Building for Linux

Getting the source code

We use git and GitHub to maintain the source code. Clone the repository by:

git clone --recursive
cd cpp-ethereum

The --recursive option is important. It orders git to clone additional submodules which are required to build the project. If you missed it you can correct your mistake with command git submodule update --init.


We use CMake to control the build configuration of the project. Quite recent version of CMake is required (at the time of writing 3.4 is the minimum). We recommend installing CMake by downloading and unpacking the binary distribution of the latest version available on the download page:

Alternative method

The repository contains the script that downloads a fixed version of CMake and unpacks it to the given directory prefix. Example usage scripts/ --prefix /usr/local.

Installing dependencies

The following libraries are required to be installed in the system:

  • boost
  • leveldb
  • curl
  • microhttpd
  • miniupnp
  • gmp

They usually can be installed using distribution-specific package manager. For example on Debian-based systems:

sudo apt-get install libboost-all-dev libleveldb-dev libcurl4-openssl-dev libmicrohttpd-dev libminiupnpc-dev libgmp-dev

or on RedHat-based systems:

dnf install boost-devel leveldb-devel curl-devel libmicrohttpd-devel miniupnpc-devel gmp-devel

Linux has a horror-show of fragmentation when it comes to packaging systems.

We support a “one-button” bash script which attempts to make this minefield more navigable for users of common distros. It identifies your distro and installs the external packages which you will need, using whatever combination of package servers and build-from-source is required for your specific distro version. This is a non-trivial task, but by that token is also something which we don’t want anybody to have to replicate themselves.


We use the same script for automated builds and continuous integration, so it is continuously tested, which is especially important on MacOS, where Homebrew is a constantly moving target.

If you try it, and it doesn’t work for you, please report the problem with details of your distro, your version number and any other important details and we can work together to get it working for your use-case.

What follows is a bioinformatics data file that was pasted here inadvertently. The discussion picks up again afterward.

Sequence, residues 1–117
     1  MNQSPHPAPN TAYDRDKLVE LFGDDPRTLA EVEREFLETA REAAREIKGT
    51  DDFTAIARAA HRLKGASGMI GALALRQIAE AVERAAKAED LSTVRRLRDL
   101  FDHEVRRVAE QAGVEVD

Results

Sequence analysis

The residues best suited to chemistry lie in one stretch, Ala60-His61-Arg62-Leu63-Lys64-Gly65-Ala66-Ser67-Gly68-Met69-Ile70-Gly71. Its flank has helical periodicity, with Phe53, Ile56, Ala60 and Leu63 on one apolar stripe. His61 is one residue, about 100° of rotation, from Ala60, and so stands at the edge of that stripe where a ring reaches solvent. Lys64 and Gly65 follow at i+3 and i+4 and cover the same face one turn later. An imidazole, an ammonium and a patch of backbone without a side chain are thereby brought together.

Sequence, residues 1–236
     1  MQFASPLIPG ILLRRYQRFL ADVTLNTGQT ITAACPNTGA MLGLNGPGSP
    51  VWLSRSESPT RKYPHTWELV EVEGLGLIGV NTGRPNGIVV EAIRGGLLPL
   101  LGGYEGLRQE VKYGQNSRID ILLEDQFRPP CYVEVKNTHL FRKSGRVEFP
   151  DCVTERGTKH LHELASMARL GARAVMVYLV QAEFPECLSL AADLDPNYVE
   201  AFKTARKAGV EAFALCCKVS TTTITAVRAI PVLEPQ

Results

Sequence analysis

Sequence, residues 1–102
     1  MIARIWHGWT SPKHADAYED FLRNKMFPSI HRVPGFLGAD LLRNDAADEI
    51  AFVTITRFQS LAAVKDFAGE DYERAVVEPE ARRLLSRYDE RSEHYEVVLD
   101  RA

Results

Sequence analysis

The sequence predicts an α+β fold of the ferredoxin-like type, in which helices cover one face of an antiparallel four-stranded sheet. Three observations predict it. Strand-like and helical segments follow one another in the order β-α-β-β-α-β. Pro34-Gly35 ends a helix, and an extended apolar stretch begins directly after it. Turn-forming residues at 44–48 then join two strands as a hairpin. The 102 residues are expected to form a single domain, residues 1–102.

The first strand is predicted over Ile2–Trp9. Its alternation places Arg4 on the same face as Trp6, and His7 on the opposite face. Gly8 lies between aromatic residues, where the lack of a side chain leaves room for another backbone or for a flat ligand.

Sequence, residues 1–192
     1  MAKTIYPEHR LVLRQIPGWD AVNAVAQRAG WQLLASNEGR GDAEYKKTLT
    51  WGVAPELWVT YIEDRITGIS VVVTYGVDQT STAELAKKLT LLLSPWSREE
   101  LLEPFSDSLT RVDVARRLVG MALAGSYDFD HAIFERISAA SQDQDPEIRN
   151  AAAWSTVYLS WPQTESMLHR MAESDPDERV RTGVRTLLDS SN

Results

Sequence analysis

We have manual instructions for Fedora, openSUSE and Arch Linux (see below). If you using some other distro then please contact us and we’ll see if we can get you going.

Build on the command-line

When you have installed your dependencies you can build.

mkdir build                                              Make a directory for the build output
cd build                                                 Switch into that directory

cmake ..                                                 To generate a makefile.
make                                                     To build that makefile on the command-line
make -j<number>                                          (or) Execute makefile with multiple cores in parallel

32-bit Linux builds

We have cpp-ethereum building and running successfully on many 32-bit Linux distros, with the main constraint being the availability of external dependencies in 32-bit variants. Probably the most active demand here is for single-board computers like the Raspberry Pi family.

You will need to disable the JIT and the heavy-weight LLVM dependency which comes with that. EVMJIT only supports x86_64. Other than that, cpp-ethereum should “just work” on 32-bit platforms. To disable JIT, you will need to use the following command for the Makefile generation phase:

cmake .. -DEVMJIT=Off